4. Schindler acquired a factory formerly owned by Jewish businessmen
In October 1939 Oskar Schindler was dispatched to the Polish city of Krakow, which had been overrun by the German army the preceding month, on orders from the Abwehr. While in Krakow he met Itzhak Stern. Stern was an accountant for another agent of the Abwehr who had seized the formerly Jewish-owned firm where Stern worked. Immediately upon the conquest of Poland, Polish Jews were stripped of their rights as citizens and forbidden to own property. Schindler intended to operate an enamelware factory which had been seized from its Jewish owners as a state-owned company. After reviewing the books with Stern, the accountant recommended that Schindler acquire the company on his own, either by purchasing it from the state or through a long-term lease. Schindler agreed but lacked the funds to do so out of his own pockets.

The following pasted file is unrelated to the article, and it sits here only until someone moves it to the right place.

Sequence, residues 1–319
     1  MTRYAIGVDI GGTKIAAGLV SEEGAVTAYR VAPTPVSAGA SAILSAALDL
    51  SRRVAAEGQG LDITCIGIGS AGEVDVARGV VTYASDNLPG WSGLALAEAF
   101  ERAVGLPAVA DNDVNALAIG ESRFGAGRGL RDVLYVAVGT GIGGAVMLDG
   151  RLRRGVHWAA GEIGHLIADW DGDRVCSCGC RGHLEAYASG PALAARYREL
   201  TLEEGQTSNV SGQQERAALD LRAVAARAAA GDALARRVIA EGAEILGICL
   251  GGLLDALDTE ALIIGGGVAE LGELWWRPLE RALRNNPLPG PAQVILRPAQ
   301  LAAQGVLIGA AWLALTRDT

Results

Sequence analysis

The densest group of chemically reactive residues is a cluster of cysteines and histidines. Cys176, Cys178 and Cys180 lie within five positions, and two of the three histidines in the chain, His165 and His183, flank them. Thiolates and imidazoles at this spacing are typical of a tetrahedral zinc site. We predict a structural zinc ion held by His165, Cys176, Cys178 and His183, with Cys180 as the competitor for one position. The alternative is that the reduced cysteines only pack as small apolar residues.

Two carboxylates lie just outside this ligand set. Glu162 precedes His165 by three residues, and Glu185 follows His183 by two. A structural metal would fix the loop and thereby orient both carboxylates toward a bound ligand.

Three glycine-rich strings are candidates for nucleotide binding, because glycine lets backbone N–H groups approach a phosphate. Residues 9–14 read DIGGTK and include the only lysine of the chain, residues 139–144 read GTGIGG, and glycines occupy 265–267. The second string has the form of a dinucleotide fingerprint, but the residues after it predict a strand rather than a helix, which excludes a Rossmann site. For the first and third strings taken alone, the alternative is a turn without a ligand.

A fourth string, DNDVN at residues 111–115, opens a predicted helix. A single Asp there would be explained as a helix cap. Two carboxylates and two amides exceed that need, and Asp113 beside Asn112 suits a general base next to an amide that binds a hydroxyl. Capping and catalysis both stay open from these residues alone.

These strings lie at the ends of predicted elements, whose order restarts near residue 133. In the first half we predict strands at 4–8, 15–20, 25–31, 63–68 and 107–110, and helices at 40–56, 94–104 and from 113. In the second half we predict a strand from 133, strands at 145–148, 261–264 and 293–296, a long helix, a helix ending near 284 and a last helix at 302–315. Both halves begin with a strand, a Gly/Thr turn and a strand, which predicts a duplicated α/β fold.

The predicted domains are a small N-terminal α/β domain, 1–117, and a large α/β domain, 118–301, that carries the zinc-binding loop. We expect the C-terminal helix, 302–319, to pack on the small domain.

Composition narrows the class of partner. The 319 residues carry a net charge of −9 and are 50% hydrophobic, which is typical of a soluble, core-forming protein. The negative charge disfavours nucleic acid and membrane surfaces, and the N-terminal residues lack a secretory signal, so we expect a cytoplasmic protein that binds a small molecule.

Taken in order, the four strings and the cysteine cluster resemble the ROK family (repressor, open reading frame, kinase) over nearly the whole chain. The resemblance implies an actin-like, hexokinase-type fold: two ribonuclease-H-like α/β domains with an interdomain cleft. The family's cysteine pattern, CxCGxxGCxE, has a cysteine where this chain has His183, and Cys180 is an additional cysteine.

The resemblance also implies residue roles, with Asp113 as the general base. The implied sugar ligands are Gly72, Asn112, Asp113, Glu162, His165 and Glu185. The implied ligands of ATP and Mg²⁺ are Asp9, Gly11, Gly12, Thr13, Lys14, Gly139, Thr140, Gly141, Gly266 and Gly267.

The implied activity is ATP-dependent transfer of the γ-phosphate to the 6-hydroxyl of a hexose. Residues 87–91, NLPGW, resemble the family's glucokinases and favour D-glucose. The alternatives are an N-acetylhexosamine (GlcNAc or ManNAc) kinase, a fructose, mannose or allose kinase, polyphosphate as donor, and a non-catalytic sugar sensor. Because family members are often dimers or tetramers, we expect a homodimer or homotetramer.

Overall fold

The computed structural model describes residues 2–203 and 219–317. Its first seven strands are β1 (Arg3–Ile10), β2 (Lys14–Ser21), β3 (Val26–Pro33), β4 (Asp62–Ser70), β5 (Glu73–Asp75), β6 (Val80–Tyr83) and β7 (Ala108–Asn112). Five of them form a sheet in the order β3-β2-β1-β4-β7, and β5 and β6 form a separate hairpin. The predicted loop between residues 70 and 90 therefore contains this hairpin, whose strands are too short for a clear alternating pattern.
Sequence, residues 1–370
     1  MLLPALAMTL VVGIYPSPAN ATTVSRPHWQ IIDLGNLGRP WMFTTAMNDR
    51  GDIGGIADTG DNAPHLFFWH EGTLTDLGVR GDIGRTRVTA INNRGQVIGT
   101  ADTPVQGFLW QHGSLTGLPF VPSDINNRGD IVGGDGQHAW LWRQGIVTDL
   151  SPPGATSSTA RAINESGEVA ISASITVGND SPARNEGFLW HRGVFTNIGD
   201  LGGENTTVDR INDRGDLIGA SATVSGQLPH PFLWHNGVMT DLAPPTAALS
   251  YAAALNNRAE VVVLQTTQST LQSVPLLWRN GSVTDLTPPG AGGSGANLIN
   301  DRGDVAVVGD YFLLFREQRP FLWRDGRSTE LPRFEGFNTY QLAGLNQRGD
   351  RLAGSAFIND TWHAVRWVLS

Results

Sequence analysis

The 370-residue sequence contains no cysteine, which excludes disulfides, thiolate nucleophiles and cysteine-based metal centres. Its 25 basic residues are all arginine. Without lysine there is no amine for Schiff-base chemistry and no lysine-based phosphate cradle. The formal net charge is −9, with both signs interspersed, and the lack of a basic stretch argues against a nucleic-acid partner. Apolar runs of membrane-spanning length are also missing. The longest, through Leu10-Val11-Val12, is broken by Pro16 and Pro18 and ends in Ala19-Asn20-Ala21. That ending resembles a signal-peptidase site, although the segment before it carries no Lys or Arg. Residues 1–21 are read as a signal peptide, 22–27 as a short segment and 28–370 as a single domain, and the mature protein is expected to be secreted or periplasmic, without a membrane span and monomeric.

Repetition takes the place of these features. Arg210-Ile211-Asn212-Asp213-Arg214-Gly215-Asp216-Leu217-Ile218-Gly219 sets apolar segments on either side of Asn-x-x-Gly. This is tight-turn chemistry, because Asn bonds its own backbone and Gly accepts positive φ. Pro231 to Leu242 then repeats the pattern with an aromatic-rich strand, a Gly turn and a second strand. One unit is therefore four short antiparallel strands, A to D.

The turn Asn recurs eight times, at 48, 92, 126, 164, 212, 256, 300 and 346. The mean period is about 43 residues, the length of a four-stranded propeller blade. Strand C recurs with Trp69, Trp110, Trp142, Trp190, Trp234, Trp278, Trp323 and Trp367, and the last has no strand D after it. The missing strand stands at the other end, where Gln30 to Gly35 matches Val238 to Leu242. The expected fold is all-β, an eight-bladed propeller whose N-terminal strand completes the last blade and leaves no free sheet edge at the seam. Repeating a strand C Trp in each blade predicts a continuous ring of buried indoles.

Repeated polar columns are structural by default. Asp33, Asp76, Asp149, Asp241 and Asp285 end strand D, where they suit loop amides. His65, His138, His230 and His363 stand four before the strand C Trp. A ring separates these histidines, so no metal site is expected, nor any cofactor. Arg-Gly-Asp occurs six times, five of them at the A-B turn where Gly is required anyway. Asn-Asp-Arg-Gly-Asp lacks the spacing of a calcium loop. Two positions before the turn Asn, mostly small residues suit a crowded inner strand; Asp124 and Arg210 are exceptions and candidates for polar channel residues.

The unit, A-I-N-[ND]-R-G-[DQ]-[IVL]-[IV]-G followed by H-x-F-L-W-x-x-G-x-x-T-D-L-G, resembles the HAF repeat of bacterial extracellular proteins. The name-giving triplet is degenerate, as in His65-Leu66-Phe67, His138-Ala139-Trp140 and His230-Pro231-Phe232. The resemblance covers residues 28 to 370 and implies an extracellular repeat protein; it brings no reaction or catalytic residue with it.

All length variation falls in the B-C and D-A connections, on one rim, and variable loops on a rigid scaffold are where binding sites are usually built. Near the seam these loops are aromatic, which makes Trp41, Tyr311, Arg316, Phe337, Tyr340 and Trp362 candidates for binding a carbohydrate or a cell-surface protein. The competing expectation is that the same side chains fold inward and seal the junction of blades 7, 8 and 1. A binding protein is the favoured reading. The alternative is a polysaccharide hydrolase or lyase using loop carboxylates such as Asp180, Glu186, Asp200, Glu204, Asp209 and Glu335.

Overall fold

In November of 1939, Schindler signed a lease on the factory, which he renamed the German Enamelware Factory, abbreviated as DEF (Deutsche Emaillewaren-Fabrik). He also acquired through lease a nearby glass factory, and became an officer of the wholesale company to market his enamelware. His financial backers were for the most part Jewish, and seven of the enamelware factory’s initial staff workers were Jewish. The remaining 250 workers were Poles. He then used his contacts within the German military, which he had established through his espionage work for the Abwehr, to contract with the Wehrmacht to provide enameled cooking pots and pans, as well as various forms of glassware. Through his staff, including the former owner of the company, Abraham Bankier, Schindler was soon dealing with the illegal black market in Poland.